Indonesia’s Terror Alert Overdrive
Wave of warnings increasingly seen as smokescreen to create confusion.
AZAHARI is here. Azahari is there. Azahari is everywhere.
Wanted posters and mugshots of terrorist bomb-maker Azahari Bin Husin and his notorious Malaysian accomplice Mohd Noordin Top are popping up all over the country, in airports, shopping malls and hotels.
He is also appearing in text messages, on the Internet and in documents threatening major terror attacks in Indonesia.
It is not surprising that Indonesia’s public enemy No. 1 is being blamed for all the terror alerts that have been declared over the past few months.
But senior Indonesian police investigators are now privately dismissing many of these warnings as a smokescreen created by Azahari and his lieutenants to sow confusion among security forces.
They have also attributed some of these alerts to the work of pranksters.
‘Azahari is probably having a good rest in some kampung, telling himself what a great job he has done without even needing to carry out a bombing,’ said a counter-terrorism official.
‘The rumour mill is on overdrive. It is psychological warfare. Azahari and his men have done what most terrorists try to do: strike fear and chaos.’
Indeed, Indonesia has seen a series of alarming terror alerts this year.
In March, security and intelligence operations were stepped up in the country during the Easter holiday, given concerns that there would be a bombing raid by the Al-Qaeda linked Jemaah Islamiah (JI) network.
During that period, The Straits Times reported that planning was well under way for a terrorist strike in the capital that could be as devastating as the 2002 Bali bombings.
A letter obtained from a Sumatra-based operative tells of 12 militants being trained to be ‘martyrs’. The document was addressed to Azahari.
Speculation of an impending attack gathered even greater ground from May.
Australia urged its citizens to avoid travelling to Indonesia because of a warning by Jakarta police of possible suicide bombings, particularly at embassies, international schools, office buildings and shopping malls.
Several days later, the United States shut down all its diplomatic missions in the country amid heightened fears that they were being targeted by extremists.
American officials had reportedly discovered a floor plan posted on an Internet website that gave instructions in Bahasa Indonesia on how to attack what was labelled a US diplomatic facility.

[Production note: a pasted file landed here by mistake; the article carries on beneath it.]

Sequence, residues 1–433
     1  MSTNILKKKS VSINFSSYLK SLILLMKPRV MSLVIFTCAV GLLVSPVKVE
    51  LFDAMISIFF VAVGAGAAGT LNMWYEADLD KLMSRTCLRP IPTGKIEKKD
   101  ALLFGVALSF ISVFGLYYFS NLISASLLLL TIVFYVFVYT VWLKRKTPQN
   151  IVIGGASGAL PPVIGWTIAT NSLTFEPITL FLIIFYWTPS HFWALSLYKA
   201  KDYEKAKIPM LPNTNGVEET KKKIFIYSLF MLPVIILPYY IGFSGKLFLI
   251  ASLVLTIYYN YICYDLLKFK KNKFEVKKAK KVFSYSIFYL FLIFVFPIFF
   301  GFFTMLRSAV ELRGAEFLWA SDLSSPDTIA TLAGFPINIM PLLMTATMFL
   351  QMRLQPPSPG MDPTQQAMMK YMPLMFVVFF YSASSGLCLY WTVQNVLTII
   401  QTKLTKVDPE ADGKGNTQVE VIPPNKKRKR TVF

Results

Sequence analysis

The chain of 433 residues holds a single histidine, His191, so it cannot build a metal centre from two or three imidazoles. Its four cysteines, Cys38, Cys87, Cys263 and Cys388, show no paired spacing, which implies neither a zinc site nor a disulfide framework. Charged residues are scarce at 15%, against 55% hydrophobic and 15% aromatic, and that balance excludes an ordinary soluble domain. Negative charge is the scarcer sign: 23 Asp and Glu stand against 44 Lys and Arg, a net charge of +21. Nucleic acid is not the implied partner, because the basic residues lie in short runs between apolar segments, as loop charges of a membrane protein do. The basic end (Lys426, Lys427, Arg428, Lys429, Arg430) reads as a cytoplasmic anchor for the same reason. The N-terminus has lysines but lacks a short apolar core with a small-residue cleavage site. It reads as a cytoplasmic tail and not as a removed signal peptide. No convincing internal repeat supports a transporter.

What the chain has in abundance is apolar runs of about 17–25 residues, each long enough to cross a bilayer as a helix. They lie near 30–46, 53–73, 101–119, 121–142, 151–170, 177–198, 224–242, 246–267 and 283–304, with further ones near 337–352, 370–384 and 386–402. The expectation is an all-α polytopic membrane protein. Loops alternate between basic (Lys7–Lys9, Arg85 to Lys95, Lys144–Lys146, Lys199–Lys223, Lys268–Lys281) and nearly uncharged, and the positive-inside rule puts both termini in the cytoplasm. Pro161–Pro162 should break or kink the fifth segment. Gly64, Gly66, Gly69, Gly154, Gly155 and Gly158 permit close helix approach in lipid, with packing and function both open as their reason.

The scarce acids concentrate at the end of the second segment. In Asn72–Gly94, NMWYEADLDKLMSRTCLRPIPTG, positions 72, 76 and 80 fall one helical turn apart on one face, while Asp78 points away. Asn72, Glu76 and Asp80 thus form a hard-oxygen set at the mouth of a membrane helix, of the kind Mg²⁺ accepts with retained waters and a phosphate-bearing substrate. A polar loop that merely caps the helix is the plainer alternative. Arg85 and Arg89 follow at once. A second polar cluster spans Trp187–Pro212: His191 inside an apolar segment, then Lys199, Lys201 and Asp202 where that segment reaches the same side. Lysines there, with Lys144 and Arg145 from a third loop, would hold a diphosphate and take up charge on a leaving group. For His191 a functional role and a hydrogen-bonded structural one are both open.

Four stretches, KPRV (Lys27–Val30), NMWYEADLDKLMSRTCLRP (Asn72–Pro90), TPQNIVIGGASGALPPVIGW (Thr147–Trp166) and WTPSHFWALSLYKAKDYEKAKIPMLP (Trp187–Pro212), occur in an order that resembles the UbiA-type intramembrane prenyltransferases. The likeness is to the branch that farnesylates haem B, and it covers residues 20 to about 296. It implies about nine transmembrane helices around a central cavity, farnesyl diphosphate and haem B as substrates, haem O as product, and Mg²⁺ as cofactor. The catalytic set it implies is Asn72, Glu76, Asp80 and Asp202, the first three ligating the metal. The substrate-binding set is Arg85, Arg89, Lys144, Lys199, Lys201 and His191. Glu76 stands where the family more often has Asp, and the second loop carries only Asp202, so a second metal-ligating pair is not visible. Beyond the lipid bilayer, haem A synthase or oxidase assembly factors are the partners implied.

Another alert from the Americans more than a week later warned of a possible bomb attack in an unnamed hotel lobby and the Plaza Menteng mall in Jakarta.
A police operative told The Straits Times: ‘There is growing frustration with these alerts because most of the information comes through the SMS or Internet. Sometimes it is impossible to verify these sources.’
Indonesian intelligence officials explained that the US was ‘more sensitive to any terrorist information they got now’, especially after the recent fiasco over the purported desecration of the Quran by American soldiers at the Guantanamo Bay prison.
‘The Americans are suffering from a siege mentality,’ said an intelligence source.
‘So they are going to lengths sounding warnings and taking whatever precautions necessary.’
The spate of US alerts takes place against a backdrop of other foreign agencies, particularly from Australia and Britain, coming up sometimes with alerts based on separate intelligence that identifies different targets.
Individual governments might be bound by ‘duty of care’ to release travel alerts, but it all adds to the growing confusion in Jakarta.
‘The information is sometimes blurred because they all have different sources,’ said a regional security expert.
‘The police and intelligence agencies in Indonesia can’t seem to work together because they are rivals. The Western alliance is also not exactly one big happy family.’
Some observers argue that it is hard to believe Azahari is single-handedly masterminding the disinformation campaign – and that some of it might be emanating from pranksters.
This has been the case several times before, when police arrested several people who spread rumours of impending attacks in the capital.
Significantly, they noted that the JI leadership is split, making it difficult for Azahari to orchestrate a nationwide operation against security forces.
‘The truth probably lies somewhere in between,’ noted security consultant Martin Hughes, who advises foreign businesses in Indonesia.
‘Whatever the arguments, there is one incontrovertible fact. Azahari and his followers are still at large. As long as they are not caught, Indonesia faces a serious terrorist threat.’